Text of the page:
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Applying modern measurement approaches to constructs relevant to evidence-based practice among Canadian physical and occupational therapists
Implementation Sciencevolume 13, Article number: 152 (2018)
Evidence-based practice (EBP) is a complex process. To quantify it, one has to also consider individual and contextual factors using multiple measures. Modern measurement approaches are available to optimize the measurement of complex constructs. This study aimed to develop a robust measurement approach for constructs around EBP including practice, individual (e.g. knowledge, attitudes, confidence, behaviours), and contextual factors (e.g. resources).
One hundred eighty-one items arising from 5 validated EBP measures were subjected to an item analysis. Nominal group technique was used to arrive at a consensus about the content relevance of each item. Baseline questionnaire responses from a longitudinal study of the evolution of EBP in 128 new graduates of Canadian physical and occupational therapy programmes were analysed. Principles of Rasch Measurement Theory were applied to identify challenges with threshold ordering, item and person fit to the Rasch model, unidimensionality, local independence, and differential item functioning (DIF).
The nominal group technique identified 70/181 items, and modified Delphi approach identified 68 items that fit a formative model (2 related EBP domains: self-use of EBP (9 items) and EBP activities (7 items)) or a reflective model (4 related EBP domains: attitudes towards EBP (17 items), self-efficacy (9 items), knowledge (11 items) and resources (15 items)). Rasch analysis provided a single score for reflective construct. Among attitudes items, 65% (11/17) fit the Rasch model, item difficulties ranged from − 7.51 to logits (least difficult) to + 5.04 logits (most difficult), and person separation index (PSI) = 0.63. Among self-efficacy items, 89% (8/9) fit the Rasch model, item difficulties ranged from − 3.70 to + 4.91, and PSI = 0.80. Among knowledge items, 82% (9/11) fit the Rasch model, item difficulties ranged from − 7.85 to 4.50, and PSI = 0.81. Among resources items, 87% (13/15) fit the Rasch model, item difficulties ranged from − 3.38 to 2.86, and PSI = 0.86. DIF occurred in 2 constructs: attitudes (1 by profession and 2 by language) and knowledge (1 by language and 2 by profession) arising from poor wording in the original version leading to poor translation.
Rasch Measurement Theory was applied to develop a valid and reliable measure of EBP. Further modifications to the items can be done for subsequent waves of the survey.
Health care professionals are expected to integrate best available research evidence, patients’ preferences, and their clinical expertise to support clinical decision-making, a process known as evidence-based practice (EBP) . Production of high-quality research in fields related to rehabilitation over the past 15 years  has provided evidence for occupational therapists (OTs) and physical therapists (PTs) to guide practice [3,4,5]. As a result of this exponential rise in knowledge, there is an urgent need to mobilize evidence into clinical practice . According to the World Health Organization (WHO), rehabilitation is defined as “a set of interventions designed to optimize functioning and reduce disability in individuals with health conditions in interaction with their environment” . Without implementing effective interventions, rehabilitation will not be successful [8,9,10,11]. As a response to these expectations [12, 13], a priority for all professional OT and PT programmes was to emphasize EBP. Despite the emphasis on teaching and promoting the competencies associated with EBP in professional programmes, measuring EBP remains a daunting challenge.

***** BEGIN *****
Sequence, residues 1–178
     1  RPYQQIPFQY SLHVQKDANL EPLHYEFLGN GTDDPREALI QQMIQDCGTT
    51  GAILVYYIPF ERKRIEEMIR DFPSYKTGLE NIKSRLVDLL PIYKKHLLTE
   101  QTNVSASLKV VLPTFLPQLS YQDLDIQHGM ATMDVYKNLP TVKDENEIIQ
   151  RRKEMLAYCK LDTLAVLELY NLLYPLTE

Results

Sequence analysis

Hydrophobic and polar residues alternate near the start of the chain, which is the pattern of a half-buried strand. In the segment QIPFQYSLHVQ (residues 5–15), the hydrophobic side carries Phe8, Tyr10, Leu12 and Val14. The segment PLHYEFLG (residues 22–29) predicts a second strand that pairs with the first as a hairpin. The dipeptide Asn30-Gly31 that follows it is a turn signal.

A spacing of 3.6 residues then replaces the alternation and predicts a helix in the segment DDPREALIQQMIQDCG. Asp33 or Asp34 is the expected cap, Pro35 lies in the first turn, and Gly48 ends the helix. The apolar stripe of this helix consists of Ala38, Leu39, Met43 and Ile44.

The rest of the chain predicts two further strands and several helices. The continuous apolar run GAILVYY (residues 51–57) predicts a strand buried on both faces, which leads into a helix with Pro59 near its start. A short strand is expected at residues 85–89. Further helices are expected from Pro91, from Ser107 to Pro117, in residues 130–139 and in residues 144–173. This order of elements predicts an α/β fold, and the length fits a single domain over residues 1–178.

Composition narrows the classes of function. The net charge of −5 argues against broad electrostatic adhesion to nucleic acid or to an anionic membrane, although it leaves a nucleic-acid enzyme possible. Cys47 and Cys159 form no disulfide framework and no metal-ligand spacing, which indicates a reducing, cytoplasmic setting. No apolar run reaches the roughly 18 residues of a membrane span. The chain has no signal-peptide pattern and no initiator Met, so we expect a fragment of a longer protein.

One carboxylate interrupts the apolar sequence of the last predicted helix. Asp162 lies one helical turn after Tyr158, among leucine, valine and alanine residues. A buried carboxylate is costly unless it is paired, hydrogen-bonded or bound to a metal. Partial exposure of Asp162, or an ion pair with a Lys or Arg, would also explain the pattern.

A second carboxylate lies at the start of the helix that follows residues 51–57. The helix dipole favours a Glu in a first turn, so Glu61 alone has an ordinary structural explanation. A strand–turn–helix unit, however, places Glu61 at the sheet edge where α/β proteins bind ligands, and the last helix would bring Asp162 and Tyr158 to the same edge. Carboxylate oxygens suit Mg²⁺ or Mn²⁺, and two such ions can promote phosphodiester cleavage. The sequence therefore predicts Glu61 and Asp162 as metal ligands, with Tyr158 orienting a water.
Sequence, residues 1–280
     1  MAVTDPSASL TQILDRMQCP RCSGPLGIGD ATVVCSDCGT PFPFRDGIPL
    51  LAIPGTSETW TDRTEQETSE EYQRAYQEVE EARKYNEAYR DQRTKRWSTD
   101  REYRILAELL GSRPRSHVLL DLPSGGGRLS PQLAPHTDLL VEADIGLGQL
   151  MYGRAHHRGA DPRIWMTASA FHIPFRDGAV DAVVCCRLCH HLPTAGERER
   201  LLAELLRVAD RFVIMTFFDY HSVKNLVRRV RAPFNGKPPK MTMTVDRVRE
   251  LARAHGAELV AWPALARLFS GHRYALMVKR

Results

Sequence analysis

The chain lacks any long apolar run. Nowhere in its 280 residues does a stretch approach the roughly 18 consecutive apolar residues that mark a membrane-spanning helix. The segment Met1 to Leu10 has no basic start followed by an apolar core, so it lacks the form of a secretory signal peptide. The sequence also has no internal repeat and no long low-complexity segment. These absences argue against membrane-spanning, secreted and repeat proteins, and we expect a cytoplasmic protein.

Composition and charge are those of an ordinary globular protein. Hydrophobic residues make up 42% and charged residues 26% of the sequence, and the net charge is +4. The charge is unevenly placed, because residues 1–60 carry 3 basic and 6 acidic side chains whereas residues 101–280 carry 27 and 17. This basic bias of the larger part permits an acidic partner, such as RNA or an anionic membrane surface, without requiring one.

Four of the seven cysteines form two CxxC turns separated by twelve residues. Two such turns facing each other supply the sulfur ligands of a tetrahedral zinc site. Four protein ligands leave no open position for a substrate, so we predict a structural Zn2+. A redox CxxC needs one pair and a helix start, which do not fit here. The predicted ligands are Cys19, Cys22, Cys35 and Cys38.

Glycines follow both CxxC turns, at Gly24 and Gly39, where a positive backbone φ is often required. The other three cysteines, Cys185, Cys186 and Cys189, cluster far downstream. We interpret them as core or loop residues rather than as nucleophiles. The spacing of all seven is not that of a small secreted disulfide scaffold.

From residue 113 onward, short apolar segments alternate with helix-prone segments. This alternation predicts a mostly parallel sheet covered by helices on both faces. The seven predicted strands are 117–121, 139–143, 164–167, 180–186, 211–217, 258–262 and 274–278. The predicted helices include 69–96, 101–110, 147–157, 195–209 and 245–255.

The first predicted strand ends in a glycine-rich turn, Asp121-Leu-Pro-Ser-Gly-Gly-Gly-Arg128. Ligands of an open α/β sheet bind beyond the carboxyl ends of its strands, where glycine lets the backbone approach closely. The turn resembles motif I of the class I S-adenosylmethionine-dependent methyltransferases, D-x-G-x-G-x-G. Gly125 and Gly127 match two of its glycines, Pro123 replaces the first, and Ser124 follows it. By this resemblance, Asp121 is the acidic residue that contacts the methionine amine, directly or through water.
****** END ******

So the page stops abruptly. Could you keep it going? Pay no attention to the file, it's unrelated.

EBP is a complex area of enquiry necessitating multiple measurement approaches to identify the practice itself and the individual and contextual factors influencing it. Several socio-cognitive theories have been applied in research to identify and tackle these factors [14,15,16]. To determine if EBP is changing professional practices, improving the quality of care, and informing organizations , there is a need to administer several multi-item questionnaires covering the relevant domains . The use of validated and reliable measures of EBP outcomes is essential to improve EBP across studies and to inform areas for contextual change .
There are over 100 tools to measure domains related to EBP [19,20,21,22]. As a result, many items cover the same construct but with different phrasing and response options. There is always a need for parsimony in measurement, as redundancy can be a reason for non-completion and can produce false reliability . The removal of redundant items from the questionnaire can raise concerns for fear of invalidating the interpretation of the total score derived from the original set of items. However, there is a vast literature on the validity of total scores derived from ordinal measures . Typically, summing the numerical labels assigned to each ordinal response option is done to produce a total score. This score does not necessarily have mathematical properties nor does every item contribute equally to the total. Application of Rasch Measurement Theory (RMT) can shed light on how individual items contribute to a theoretically defined construct used to form a measure . The basis of RMT is the Rasch model, named for Georg Rasch the Danish statistician, which is a probabilistic model used to situate a person and an item on a linear continuum from least able (easiest item) to most able (hardest item) .